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#31 of 46 Old 01-05-2008, 12:19 PM
 
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it is something to think over- not every relationship is the same, nor do people want the same thing from their relationships .

----------------
to take this completely a different way looking at how much "defensive" practices have taken over mainstream births - this seeming to have changed on a parallel with widespread birth education and dads in the birth room
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#32 of 46 Old 01-05-2008, 03:22 PM
 
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Originally Posted by MsBlack View Post
As I have often had to tell people in the course of my life--"I'm just ASKING! It's not a judgement, not trying to tell you what is right for you....JUST ASKING", because asking the presumably 'forbidden' questions is so very freeing.
EXACTLY!!! I was only ASKING, not JUDGING as some of the previous posts imply. : ) Thanks!!!
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#33 of 46 Old 01-05-2008, 07:24 PM
 
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we've discussed this, and while i do want him around, i don't necessarily want him in my space.

i know that there are differences between feeling unwell and labor, but i think that there are likely also some similarities. and i also know that he's nervous about the whole thing anway (not UC< but birth).

so, i think he'd be happy to be able to read, watch movies, or whatever while i do my thing.
This is how I want it. I am going to ask dh to take everyone to the park or block the halway with the baby gate and my room and bathroom are off limits unless I call for someone.

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"And when our baby stirs and struggles to be born it compels humility: what we began is now its own." Margaret Mead 
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#34 of 46 Old 01-05-2008, 08:36 PM
 
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Originally Posted by sapphire_chan View Post
This said, in case of transfer dh is not allowed more than 2 feet from me and that only to fetch food and more water.
!!!!!!!

 Mom of many minions . . . babyf.gif jumpers.gif     jumpers.gif     jumpers.gif
"And when our baby stirs and struggles to be born it compels humility: what we began is now its own." Margaret Mead 
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#35 of 46 Old 01-07-2008, 01:08 PM
 
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VERY interesting article! I passed it along to DH to see what he thinks (he hasn't responded yet to my IM )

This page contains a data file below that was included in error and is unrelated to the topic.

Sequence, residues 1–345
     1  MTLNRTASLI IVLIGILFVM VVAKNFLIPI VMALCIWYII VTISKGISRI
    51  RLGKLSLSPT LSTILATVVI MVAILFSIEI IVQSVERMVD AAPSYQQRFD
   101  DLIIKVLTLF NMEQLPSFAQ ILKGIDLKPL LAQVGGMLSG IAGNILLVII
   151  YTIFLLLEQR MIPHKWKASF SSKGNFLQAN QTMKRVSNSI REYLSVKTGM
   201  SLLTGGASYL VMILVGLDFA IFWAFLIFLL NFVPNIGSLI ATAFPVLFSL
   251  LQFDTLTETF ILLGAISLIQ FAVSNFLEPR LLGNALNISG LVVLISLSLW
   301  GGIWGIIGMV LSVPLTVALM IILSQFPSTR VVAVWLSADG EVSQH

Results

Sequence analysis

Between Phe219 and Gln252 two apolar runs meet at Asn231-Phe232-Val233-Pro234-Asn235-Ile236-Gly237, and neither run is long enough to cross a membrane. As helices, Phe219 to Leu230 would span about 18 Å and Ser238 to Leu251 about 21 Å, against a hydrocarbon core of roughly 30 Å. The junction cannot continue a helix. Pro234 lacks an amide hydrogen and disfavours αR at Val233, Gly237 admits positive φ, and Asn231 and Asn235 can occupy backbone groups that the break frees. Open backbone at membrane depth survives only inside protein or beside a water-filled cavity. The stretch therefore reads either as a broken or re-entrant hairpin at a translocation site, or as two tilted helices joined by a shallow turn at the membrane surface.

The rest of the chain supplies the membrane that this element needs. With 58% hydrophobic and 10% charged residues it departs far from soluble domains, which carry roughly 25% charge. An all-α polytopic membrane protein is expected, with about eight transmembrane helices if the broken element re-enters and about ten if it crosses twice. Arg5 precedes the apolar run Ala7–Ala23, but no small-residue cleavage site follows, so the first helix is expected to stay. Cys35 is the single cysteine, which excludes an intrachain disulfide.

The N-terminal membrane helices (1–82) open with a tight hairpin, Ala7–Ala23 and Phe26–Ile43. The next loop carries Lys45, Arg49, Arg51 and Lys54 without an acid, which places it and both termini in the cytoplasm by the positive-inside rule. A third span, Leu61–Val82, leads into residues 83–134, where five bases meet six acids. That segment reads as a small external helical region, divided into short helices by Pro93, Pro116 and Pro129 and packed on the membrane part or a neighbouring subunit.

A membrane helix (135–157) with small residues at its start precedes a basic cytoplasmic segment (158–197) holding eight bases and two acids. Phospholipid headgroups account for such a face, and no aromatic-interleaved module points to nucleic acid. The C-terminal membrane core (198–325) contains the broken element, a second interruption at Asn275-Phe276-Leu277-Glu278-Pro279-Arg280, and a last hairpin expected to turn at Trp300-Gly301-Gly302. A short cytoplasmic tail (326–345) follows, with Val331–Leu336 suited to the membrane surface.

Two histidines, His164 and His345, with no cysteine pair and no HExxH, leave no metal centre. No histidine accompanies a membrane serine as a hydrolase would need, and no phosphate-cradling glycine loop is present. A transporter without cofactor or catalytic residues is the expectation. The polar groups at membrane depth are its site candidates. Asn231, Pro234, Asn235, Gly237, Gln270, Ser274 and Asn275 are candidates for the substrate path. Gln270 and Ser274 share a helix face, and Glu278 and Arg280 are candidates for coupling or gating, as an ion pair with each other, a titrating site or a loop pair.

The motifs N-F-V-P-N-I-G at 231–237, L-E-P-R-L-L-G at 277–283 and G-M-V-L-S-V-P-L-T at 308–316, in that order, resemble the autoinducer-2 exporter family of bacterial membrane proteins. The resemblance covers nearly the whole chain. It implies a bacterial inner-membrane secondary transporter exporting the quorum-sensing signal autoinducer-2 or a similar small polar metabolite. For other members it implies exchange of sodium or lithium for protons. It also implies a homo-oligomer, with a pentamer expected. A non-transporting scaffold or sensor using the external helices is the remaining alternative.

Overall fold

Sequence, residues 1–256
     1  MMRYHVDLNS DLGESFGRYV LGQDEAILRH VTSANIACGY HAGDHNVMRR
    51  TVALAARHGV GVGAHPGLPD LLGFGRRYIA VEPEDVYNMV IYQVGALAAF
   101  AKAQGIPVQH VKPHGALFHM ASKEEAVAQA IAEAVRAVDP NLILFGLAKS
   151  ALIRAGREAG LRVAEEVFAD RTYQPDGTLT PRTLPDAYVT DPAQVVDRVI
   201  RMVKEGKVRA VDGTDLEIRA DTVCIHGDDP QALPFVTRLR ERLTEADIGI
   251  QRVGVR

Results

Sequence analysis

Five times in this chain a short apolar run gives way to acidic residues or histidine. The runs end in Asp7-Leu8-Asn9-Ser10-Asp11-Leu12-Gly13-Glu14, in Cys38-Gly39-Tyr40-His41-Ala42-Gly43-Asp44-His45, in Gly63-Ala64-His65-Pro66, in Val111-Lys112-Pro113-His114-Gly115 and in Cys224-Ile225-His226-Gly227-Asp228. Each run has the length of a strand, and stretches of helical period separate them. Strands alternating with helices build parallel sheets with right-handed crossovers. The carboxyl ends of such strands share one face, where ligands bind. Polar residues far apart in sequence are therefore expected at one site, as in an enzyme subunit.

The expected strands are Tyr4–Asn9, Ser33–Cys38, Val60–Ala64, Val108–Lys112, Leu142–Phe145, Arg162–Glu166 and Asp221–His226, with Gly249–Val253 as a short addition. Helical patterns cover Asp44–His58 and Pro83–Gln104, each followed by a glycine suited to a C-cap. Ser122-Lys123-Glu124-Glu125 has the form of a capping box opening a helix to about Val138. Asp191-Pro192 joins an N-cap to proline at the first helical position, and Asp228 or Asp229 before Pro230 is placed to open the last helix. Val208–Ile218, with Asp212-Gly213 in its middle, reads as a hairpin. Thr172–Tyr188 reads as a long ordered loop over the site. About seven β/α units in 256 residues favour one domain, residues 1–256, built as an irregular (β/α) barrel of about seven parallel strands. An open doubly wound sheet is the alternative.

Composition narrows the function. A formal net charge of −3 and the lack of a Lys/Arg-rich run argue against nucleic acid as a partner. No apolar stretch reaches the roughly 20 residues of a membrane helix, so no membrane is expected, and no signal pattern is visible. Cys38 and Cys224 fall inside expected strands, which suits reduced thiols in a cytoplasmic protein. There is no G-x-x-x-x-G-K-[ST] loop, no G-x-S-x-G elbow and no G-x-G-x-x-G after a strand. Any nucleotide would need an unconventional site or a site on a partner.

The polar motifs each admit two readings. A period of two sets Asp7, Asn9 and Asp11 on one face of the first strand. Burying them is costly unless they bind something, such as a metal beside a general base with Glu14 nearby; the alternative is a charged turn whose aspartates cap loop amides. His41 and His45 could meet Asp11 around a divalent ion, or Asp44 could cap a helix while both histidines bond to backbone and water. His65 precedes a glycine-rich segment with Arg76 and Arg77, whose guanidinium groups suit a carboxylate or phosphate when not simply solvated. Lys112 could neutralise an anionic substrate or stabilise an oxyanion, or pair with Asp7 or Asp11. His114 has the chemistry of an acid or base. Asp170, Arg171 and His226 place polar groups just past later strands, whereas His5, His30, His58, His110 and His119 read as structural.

And I LOVE this:
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I want to birth like a cat.

Then we can raise our child as a human.
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#36 of 46 Old 01-07-2008, 01:56 PM
 
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Honestly, I think if DH hadn't been at my last birth, it would have been better for me. My mother was there too (she is not allowed at my next birth), and the two of them together decided to ignore me and call 911 when they thought DD wasn't breathing (she was, she just wasn't crying). DH admits he was petrified the entire time I was in labor and afterwards. He won't read any literature and prepare himself in any way, so it's his own fault, really. I am planning a UC for my next birth as well, and he is still very scared and doesn't want me to do it. However, he wants to be there for the birth of our child. I thought about hiring a doula to be there for support, but I don't want ANYONE there except DH (if he can get his act together). I'm not even sure I want him there. Luckily we have lots of time, as I'm not even pregnant yet.

Mom to DD#1 8/04, nursed 43 months, DD#2 8/06, nursed 21 months and DD#3 9/08, still nursing strong
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#37 of 46 Old 01-12-2008, 11:09 AM
 
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Honestly, I think if DH hadn't been at my last birth, it would have been better for me. My mother was there too (she is not allowed at my next birth), and the two of them together decided to ignore me and call 911 when they thought DD wasn't breathing (she was, she just wasn't crying). DH admits he was petrified the entire time I was in labor and afterwards. He won't read any literature and prepare himself in any way, so it's his own fault, really. I am planning a UC for my next birth as well, and he is still very scared and doesn't want me to do it. However, he wants to be there for the birth of our child. I thought about hiring a doula to be there for support, but I don't want ANYONE there except DH (if he can get his act together). I'm not even sure I want him there. Luckily we have lots of time, as I'm not even pregnant yet.